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Pollution reduction in an eco-friendly chrome-free tanning and evaluation of the biodegradation by composting of the tanned leather wastes

Zuriaga-Agustí, E., Galiana-Aleixandre, M.V., Bes-Piá, A., Mendoza-Roca, J.A., Risueño-Puchades, V., Segarra, V.
Journal of cleaner production 2015 v.87 pp. 874-881
biodegradation, carbon, carbon nitrogen ratio, chromium, composting, environmental impact, food waste, landfills, leather, leather tanning, organic matter, pollution, salts, solid wastes, tanneries, tannery waste, tanning agents, titanium, vegetables, wastewater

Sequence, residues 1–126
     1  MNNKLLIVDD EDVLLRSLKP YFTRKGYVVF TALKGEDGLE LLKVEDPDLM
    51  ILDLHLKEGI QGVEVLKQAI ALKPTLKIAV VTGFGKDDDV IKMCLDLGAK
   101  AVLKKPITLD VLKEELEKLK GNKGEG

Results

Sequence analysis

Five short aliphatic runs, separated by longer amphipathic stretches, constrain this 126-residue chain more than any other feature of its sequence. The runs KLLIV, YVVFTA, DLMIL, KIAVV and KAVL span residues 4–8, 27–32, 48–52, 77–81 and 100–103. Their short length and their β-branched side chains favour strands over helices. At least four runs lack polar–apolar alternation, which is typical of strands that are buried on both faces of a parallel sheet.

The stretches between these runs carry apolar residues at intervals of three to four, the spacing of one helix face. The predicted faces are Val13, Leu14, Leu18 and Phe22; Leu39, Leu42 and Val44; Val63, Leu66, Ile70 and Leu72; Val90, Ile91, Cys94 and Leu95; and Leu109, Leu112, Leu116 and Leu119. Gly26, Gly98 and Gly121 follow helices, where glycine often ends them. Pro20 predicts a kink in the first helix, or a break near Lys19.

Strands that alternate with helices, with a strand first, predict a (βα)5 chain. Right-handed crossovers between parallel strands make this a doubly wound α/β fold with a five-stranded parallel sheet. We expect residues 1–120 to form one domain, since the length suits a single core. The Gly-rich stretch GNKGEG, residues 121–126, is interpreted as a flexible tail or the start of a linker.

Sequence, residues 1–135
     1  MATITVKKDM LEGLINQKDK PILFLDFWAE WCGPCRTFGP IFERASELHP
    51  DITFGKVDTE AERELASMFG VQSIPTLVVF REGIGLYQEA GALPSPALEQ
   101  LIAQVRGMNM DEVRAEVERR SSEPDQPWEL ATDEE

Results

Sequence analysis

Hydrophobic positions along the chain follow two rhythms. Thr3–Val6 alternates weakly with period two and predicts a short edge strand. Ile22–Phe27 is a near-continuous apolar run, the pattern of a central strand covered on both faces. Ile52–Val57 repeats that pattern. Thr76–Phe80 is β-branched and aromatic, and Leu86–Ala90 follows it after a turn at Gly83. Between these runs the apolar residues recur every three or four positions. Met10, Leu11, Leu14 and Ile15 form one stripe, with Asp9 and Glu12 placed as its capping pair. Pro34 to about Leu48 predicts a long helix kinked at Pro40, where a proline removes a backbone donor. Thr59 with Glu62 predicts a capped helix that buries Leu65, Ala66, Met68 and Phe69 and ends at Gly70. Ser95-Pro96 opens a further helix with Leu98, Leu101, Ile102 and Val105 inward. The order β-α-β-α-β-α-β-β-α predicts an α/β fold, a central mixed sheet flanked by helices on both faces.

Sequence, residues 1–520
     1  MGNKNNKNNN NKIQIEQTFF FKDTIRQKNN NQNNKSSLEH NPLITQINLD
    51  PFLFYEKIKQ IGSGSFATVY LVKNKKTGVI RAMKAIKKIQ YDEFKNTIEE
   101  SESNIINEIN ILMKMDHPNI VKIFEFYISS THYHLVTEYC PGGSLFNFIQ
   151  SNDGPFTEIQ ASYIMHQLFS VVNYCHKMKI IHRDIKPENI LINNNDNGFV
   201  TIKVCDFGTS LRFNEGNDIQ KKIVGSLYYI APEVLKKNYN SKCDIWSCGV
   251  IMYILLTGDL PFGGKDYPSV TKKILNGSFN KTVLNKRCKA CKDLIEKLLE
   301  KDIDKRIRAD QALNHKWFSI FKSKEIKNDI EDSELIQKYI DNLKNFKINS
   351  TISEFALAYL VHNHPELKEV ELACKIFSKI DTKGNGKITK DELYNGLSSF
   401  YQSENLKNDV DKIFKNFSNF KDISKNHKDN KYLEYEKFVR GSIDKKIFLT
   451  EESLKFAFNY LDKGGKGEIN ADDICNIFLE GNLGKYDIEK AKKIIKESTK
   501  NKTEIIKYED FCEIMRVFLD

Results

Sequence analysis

Chromium is one of the most important environmental concerns related to tanneries. The most often used process for hide tanning is chrome tanning. This implies the presence of chromium both in wastewaters and in leather wastes. Leather wastes have to be disposed in landfills what entails a considerable environmental impact and high cost. In this work, a study about the effect of a chrome-free tanning process using titanium salts instead, on the wastewater and on the solid wastes has been performed. In this way, a study of biodegradation of leather waste samples tanned with different tanned agents by composting together with food wastes is carried out in a laboratory composter. Results indicated that leather tanned with titanium salts met the required quality standards. Besides, the concentration of organic matter and salts in the tannery process wastewater was lower comparing with the chromium tanning agent. In the biodegradation study by composting, leather samples tanned with titanium were degraded, reducing around 10% the carbon content with the subsequent diminution of the C/N ratio. In addition, the size was reduced 41% in 45 days. However, leather sample tanned with oxazolidine was partially degraded in the composter; meanwhile chrome and vegetable tanned leather kept inalterable.